Have you heard Garnet & Great's most recent interview yet? No? Well, Garnet & Great sat down with Wally Woodham. He was one-half of the two-QB system in the 70s at a time when Florida State began making its dramatic ascent to the top echelon of college football.
Wally Woodham and Jimmy Jordan were the last two-headed quarterback monster to grace the field for Florida State. Wally gave some insight into why it worked; mostly because, between the two of them, they made one quarterback. It's not clear that, given that we're almost 40 years removed from Woodham's era, we're ever going to see another two-QB system at Florida State.
And for good reason.
There are too many disadvantages to a two-QB system. A head coach's hallmark is his ability to make decisions (and, you know, good ones). Using a two-QB system reeks of indecision, the type that can ruin a team's confidence. Who is the team supposed to turn to in those dark moments? A two-QB system doesn't breed the type of confidence that you need from a quarterback. Especially when both quarterbacks are concerned only with who is breathing down their shoulder. Especially when, after a few incompletions, you're being put on the bench.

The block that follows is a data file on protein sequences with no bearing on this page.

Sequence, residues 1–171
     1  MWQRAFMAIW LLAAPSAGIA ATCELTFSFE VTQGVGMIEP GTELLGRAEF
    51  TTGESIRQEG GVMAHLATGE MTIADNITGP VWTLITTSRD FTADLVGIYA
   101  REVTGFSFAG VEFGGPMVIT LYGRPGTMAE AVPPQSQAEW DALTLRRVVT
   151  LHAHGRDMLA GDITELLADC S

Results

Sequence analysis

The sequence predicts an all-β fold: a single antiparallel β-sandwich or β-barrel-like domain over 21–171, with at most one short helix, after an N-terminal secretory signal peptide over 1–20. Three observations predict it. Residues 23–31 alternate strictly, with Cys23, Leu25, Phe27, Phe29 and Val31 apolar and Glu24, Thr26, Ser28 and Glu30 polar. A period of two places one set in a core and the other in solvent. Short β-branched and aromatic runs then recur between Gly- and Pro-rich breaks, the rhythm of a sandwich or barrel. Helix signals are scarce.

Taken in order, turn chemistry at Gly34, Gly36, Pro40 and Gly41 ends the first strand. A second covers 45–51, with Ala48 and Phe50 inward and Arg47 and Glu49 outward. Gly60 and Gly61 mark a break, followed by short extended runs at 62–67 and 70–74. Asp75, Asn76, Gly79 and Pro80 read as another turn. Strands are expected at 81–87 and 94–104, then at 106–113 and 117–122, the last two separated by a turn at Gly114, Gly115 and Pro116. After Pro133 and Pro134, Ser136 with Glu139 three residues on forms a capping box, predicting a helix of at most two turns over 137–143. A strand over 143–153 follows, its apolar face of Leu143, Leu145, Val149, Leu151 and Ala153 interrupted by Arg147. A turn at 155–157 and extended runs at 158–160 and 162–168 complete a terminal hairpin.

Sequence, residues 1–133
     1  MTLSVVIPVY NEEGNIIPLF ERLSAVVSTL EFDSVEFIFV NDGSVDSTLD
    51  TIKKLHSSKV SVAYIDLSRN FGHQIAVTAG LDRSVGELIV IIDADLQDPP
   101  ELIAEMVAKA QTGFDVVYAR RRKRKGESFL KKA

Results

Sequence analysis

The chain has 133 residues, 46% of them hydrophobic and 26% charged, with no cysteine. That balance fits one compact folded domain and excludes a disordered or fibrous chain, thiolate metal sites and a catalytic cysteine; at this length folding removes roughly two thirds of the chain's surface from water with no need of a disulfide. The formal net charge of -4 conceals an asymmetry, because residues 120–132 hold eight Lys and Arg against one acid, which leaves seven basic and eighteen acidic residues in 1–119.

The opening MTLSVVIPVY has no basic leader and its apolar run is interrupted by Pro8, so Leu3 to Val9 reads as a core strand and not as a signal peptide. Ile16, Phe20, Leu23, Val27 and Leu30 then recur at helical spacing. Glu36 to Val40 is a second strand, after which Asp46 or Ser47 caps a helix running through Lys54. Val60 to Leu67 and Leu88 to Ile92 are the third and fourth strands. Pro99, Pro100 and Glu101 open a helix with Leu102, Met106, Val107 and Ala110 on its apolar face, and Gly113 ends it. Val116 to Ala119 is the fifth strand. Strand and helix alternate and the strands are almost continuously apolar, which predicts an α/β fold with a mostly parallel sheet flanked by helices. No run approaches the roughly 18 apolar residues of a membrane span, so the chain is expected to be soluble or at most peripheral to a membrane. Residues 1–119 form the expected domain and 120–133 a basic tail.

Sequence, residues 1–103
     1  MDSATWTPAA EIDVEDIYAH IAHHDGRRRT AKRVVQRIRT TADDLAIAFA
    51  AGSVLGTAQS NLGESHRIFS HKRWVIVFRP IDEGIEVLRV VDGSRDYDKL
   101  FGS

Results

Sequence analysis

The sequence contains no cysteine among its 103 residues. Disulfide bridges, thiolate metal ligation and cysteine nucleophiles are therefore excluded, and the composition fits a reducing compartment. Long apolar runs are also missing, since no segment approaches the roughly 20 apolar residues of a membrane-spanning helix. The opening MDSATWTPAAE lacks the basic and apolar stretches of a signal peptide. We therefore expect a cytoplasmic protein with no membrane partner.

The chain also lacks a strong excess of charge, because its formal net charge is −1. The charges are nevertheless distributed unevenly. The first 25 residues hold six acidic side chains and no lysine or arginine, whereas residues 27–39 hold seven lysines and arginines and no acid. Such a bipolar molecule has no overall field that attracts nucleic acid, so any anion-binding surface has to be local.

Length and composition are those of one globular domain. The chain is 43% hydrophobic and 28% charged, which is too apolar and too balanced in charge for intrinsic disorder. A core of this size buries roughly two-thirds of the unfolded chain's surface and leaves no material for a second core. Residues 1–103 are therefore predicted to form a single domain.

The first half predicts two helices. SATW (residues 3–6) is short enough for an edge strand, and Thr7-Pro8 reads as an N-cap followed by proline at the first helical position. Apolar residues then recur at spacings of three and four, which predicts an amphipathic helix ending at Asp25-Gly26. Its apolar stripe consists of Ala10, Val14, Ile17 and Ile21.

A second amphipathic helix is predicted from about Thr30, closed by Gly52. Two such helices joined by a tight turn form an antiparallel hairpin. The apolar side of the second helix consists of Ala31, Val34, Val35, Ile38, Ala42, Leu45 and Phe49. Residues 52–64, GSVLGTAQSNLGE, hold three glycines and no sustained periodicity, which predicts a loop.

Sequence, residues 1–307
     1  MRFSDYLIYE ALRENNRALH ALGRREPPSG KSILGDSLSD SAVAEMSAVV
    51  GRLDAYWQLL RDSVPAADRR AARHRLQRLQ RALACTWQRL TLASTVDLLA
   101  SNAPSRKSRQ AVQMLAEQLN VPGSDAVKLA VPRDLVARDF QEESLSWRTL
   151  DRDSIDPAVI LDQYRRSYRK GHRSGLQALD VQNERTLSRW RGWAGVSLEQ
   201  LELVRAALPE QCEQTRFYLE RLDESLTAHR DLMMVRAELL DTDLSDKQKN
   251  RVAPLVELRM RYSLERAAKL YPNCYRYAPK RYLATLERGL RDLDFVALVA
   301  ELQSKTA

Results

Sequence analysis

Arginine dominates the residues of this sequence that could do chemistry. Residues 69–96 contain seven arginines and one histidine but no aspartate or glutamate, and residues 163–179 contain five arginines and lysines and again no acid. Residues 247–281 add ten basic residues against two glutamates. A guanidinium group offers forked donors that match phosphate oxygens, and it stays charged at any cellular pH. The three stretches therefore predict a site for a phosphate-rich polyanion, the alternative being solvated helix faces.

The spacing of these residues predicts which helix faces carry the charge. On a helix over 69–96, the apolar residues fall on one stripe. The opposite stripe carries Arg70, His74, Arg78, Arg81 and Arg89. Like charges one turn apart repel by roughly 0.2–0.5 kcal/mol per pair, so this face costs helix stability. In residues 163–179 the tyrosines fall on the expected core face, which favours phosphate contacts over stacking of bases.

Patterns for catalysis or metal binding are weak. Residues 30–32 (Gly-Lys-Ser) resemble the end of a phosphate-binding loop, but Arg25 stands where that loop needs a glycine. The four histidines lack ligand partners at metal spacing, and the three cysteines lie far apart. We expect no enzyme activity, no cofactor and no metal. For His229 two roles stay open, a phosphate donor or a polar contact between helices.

Could Jimbo Fisher have used both Jacob Coker and Jameis Winston together? Possibly. But doing so would have amounted to Fisher waving the white flag. Fisher would have surrendered to indecision; that, somehow, he was unable to choose the quarterback to lead this team. It's not only something that doesn't fit his system schematically, but, more importantly, it calls into question his decision-making ability.
Why does it have to be that way? Players are substituted all the time. At quarterback, it's different, however. So much of the game for the quarterback is about finding a rhythm and it seems unfair to never give a player a chance to find his rhythm. I don't buy many of the arguments for a two-QB system (i.e., that it affords schematic advantages and can help you become more unpredictable). Look no further than the NFL and whether two QB systems are prevalent, let alone successful.